Whether you live in a retirement community or independently, no one wants to be alone on Valentine's Day. However, many con artists and scammers exploit our human desire to connect and use it to their advantage around this romantic holiday. These cunning crooks are pros at scamming people into trusting them, and have been known to swindle seniors out of thousands of dollars, according to AARP. To ensure you or a loved one doesn't end up with a broken heart this February, keep an eye out for these five Valentine's Day scams:
1. Googling gifts
According to MarketWatch, shopping for Valentine's Day gifts on search engines can be a dangerous practice. Scammers often create fake websites that may pop up when you're searching for candy, flowers or other trademark gifts of the holiday, and then collect credit card information when patrons try to make a purchase. The source advises avoiding this trick by only shopping at reputable retailers with secure websites. Another option is to skip the online shopping all together and make your holiday purchases from a local brick-and-mortar store.
"Romantic scams lose the victim an average of $26,000."
2. Romance scams
While the stigma attached to Internet dating has long since disappeared, there are still thousands of people on these romantic networking websites pretending to be people they're not. AARP notes that romantic scams mostly happen to men and women over age 40 and lose the victim an average of $26,000. To trick those looking for love, con artists create fake profiles and spend a significant amount of time wooing their victims. Once a person has bought their charade, they ask for money for an emergency or to meet in person, at which point they will ask for a wire transfer. This method of payment is both untraceable and can be collected anywhere in the world. Sadly, if a person's dating profile seems to good to be true, there's a good chance it's not.
3. Delivery scams
Although this scam is less common, be wary of any courier that asks for credit card information upon delivery. In general, these scammers may make up a story about an extra charge for transporting alcohol or give another bogus reason. Once they're gone, they'll use the credit card information fraudulently, and you'll be left trying to sort out the charges with your bank.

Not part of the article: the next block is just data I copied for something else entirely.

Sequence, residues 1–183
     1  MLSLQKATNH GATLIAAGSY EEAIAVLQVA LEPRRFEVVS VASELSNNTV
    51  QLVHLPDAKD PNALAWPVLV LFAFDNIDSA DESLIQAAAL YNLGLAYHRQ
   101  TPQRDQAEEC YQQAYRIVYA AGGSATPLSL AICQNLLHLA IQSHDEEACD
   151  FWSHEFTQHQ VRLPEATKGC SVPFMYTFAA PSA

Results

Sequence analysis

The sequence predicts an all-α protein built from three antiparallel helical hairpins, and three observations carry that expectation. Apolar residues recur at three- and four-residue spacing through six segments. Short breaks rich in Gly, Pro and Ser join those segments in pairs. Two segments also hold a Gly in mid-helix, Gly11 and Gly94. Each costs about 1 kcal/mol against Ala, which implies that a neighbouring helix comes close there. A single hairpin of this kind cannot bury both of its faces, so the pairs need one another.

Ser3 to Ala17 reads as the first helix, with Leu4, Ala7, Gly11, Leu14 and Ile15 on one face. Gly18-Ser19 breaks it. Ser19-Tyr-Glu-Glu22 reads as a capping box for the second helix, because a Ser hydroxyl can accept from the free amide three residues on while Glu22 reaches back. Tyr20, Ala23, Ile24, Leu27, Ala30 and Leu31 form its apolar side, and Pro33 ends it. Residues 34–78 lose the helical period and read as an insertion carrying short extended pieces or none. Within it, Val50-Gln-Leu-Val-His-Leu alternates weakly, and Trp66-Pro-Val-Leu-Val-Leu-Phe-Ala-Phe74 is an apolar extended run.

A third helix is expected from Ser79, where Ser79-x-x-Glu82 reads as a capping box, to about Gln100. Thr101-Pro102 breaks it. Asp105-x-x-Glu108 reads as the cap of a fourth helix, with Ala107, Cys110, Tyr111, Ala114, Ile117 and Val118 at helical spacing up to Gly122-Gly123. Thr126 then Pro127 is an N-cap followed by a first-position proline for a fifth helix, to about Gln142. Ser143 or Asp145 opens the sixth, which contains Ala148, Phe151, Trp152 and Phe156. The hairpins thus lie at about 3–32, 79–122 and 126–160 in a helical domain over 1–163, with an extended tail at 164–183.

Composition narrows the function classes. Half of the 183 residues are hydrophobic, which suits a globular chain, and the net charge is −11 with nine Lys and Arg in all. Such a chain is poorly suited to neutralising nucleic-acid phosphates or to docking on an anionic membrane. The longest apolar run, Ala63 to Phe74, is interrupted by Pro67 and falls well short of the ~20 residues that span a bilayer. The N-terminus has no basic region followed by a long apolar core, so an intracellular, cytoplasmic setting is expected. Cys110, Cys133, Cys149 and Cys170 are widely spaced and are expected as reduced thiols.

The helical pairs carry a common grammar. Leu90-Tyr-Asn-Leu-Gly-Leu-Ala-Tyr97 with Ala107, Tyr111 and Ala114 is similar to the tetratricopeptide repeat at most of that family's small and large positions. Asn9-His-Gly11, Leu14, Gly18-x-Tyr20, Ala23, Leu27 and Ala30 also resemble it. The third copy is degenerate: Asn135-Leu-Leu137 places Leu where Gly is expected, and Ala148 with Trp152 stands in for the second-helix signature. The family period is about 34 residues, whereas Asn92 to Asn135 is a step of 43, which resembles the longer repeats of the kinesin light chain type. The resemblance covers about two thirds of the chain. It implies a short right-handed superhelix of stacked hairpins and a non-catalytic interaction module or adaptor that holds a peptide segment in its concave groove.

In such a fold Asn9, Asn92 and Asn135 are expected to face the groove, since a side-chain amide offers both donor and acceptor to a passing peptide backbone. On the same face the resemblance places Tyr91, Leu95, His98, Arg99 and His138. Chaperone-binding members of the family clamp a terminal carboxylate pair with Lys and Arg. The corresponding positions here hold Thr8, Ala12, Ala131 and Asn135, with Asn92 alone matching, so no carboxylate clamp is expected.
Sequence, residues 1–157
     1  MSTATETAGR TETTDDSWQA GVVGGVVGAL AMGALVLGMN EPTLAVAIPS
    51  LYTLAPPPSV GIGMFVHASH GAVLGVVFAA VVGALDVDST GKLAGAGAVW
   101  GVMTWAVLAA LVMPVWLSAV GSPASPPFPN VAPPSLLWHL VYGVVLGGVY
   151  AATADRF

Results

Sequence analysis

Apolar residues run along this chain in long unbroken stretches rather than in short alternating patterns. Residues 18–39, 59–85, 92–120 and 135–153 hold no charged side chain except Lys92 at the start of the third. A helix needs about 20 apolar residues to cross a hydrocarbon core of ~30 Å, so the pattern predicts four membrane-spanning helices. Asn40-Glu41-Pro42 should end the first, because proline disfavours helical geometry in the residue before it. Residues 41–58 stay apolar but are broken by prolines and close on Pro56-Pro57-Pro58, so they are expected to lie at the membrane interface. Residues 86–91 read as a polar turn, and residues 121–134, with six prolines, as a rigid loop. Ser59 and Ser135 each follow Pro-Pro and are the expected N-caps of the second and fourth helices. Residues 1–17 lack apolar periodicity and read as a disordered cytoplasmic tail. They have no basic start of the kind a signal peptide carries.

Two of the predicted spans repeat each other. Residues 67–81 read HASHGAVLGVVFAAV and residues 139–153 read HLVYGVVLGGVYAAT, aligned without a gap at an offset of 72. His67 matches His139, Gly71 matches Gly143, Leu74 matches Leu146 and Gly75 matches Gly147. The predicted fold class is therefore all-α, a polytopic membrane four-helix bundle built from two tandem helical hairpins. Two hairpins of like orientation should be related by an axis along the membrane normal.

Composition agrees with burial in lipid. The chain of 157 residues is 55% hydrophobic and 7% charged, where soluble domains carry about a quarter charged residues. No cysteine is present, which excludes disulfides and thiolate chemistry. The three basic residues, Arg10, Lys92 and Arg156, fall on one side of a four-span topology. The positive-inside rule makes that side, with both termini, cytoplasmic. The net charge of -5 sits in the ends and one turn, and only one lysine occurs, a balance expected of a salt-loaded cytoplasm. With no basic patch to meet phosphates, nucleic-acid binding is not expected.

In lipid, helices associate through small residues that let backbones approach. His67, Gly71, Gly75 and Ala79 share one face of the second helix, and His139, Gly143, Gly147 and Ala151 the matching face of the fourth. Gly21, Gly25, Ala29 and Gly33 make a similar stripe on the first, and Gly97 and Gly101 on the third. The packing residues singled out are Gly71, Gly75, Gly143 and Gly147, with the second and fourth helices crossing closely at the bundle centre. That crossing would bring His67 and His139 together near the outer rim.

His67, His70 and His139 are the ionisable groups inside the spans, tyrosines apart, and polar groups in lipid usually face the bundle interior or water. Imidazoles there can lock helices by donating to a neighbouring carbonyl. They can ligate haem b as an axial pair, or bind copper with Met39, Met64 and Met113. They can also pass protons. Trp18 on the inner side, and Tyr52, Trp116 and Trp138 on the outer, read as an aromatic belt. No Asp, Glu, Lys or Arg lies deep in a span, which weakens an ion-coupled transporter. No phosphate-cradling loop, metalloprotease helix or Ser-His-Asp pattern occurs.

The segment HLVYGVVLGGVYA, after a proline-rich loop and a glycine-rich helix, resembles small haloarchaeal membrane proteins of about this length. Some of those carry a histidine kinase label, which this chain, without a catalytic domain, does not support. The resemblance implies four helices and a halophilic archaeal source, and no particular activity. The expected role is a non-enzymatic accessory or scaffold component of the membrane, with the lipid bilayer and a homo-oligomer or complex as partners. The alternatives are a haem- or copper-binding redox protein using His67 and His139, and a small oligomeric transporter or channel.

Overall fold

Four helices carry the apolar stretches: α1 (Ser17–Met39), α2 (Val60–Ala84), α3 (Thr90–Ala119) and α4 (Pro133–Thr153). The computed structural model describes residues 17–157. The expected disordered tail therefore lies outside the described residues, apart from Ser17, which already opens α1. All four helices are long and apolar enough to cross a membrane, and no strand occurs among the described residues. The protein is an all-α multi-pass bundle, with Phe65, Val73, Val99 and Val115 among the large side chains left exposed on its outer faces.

4. E-card clickbait
Holidays are a perfect opportunity for companies to inundate your inbox with advertisements for sales and other promotions. However, if you get emails for E-cards, Valentine's Day sales or other seasonal specials from companies with which you've never shopped, be wary of clicking them or making purchases. MarketWatch advises being particularly prudent about investigating Web addresses before entering them, as many scammers will use URLs that give them away. This small hint can be important because other than the domain name or address, many con artists will put in the work to make their emails look legitimate.
5. Facebook ploys
Valentine's Day scams don't stop on dating websites or via email. Social media platforms allow crooks to reach a large body of potential victims at one time and also provide a certain level of inconspicuousness. According to ReadWrite, scammers may promote fraudulent love giveaways on Facebook and other forums. Since social media hubs link to lots of other websites around the Internet, it may be challenging to separate what's real from fake in the moment. In general, steer clear of any quizzes that require personal information, and also don't respond to any shady download prompts that scammers may use to place malware on your computer.